We’ve all seen the news stories - the daily barrage of sad, unfortunate and sometimes tragic consequences that can occur when technology and kids are combined. As parents, it’s sometimes hard to know quite what to do - and why wouldn’t it be? Let’s face it; many 7 year olds can run circles around their parents when it comes to the family computer.With other parenting strategies, you probably take cues from what your parents did. Your policies regarding homework, bedtime and household chores are likely guided by the rules your parents used with you. But what were your parents rules regarding the home computer? What kind of social networking sites did they let you visit? Was it ok for you to watch YouTube videos? With no good point of reference, we’re on our own here. This is a challenge for our generation of parents - the first to raise online kids. And if you think about it, the technology rules and policies we set for our kids will serve as a guide for what they do to raise their kids.
Parenting your child’s “online life”, doesn’t have to be confusing. Most of the expert’s advice usually just involves applying your everyday common sense parenting style to this part of their life.
Most of the countless articles, books and lectures on this topic can be simplified down to 3 main points:
1) Set limits on when and how long the computer is used. As a parent, it’s essential that you have a way to easily allow, and deny the use of the technology in your house. You also need to know, with certainty, that there’s not a way for your children to use computers without your knowledge. Treat the computer like any other privilege. It’s also important to set and enforce time limits.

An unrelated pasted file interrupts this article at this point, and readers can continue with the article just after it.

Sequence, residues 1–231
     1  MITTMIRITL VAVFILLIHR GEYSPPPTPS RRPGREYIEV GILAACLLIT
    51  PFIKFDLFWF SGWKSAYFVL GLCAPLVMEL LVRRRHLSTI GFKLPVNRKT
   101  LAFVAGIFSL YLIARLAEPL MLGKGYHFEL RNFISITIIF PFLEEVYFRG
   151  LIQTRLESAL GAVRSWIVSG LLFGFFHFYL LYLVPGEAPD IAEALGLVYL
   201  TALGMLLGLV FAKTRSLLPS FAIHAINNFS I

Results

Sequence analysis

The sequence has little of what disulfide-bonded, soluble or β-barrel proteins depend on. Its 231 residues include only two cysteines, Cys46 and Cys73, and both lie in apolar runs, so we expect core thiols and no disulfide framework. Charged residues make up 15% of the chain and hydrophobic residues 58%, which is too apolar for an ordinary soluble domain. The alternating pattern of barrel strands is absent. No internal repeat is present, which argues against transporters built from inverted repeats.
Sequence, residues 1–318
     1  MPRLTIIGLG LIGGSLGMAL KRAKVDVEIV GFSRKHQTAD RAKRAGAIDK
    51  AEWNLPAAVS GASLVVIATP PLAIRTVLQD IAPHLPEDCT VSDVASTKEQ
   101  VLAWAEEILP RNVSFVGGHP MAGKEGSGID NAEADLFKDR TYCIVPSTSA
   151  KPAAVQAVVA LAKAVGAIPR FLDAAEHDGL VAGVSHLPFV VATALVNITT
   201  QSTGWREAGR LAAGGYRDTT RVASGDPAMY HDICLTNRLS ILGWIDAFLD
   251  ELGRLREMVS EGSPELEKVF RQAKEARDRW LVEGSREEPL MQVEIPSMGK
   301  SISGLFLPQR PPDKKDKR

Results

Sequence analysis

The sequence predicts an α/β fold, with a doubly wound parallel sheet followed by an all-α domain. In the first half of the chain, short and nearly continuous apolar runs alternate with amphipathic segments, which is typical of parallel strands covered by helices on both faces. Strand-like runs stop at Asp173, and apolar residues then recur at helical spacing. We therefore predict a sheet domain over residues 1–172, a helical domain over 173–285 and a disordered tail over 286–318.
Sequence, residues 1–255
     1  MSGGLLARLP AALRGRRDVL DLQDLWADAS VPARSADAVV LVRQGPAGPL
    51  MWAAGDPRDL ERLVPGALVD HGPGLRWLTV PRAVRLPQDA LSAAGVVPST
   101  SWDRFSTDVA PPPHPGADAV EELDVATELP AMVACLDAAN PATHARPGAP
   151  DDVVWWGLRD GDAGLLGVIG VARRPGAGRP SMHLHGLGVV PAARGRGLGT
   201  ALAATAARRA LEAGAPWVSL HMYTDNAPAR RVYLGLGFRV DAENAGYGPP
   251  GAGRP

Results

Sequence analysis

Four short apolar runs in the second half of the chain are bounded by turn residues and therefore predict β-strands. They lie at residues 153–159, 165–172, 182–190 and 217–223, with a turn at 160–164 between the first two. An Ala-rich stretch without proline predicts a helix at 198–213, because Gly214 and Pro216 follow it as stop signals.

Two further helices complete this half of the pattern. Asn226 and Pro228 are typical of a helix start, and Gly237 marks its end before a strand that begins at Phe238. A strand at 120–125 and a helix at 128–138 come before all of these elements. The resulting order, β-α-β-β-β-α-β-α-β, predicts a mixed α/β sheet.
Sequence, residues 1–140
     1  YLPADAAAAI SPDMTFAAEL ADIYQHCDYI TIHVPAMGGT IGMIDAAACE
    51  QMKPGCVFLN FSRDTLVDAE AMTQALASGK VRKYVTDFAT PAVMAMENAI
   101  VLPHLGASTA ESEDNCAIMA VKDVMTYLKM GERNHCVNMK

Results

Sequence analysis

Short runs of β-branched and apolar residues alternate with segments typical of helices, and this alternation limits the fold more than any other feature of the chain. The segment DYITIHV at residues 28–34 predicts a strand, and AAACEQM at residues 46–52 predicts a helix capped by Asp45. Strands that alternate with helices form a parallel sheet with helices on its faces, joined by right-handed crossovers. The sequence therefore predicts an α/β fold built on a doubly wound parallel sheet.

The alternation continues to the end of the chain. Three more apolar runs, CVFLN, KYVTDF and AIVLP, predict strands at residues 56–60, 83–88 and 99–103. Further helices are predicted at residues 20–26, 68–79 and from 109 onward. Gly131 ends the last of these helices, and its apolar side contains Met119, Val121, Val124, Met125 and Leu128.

2) Create a safe environment.
This is no different from when you let them play at the park. Prior to setting your child free to play, you probably glance around to make sure there are no obvious dangers. (Broken glass at the bottom of the slide, rabid dog roaming the sand box) Think of the computer the same way. Creating a safe computer playground is done with filtering, website blocking and properly setting up your user profiles. I know this is where some parents start to get that glazed look in their eyes. This step does require a little bit of work on your part, but not as much as you think. And there’s no need to pay expensive annual fees for services - a little bit of research and a few minutes spent learning about your operating system and web browser can go a long way.
3) Be “over their shoulder”.
This is the most critical point. As a parent, you can not let yourself be shut out of their online world. It’s important that you know what they do online, and it’s even more important that they know you know! Tell them you’re involved. Engage and ask questions about what they do online. Have them show you the games they play. Remind them often, that you (and the rest of the planet!) may very well see what they do online. This important lesson will save them from embarrassment - at least! (We’re all too familiar with the sometimes tragic consequences that occur when children or teens use poor judgment about what they “tell the world” online)
Computers, cell phones and the internet are a part of our world, and a growing part of your kid’s life. There’s little way around it; Keeping your children safe online and teaching them to use technology with responsibility have been added to your long list of important parenting “must do’s” Every parent has their own tactics and style that best suit their children and lifestyles. No matter what type of parenting you apply – make sure it’s a part of your children’s online world.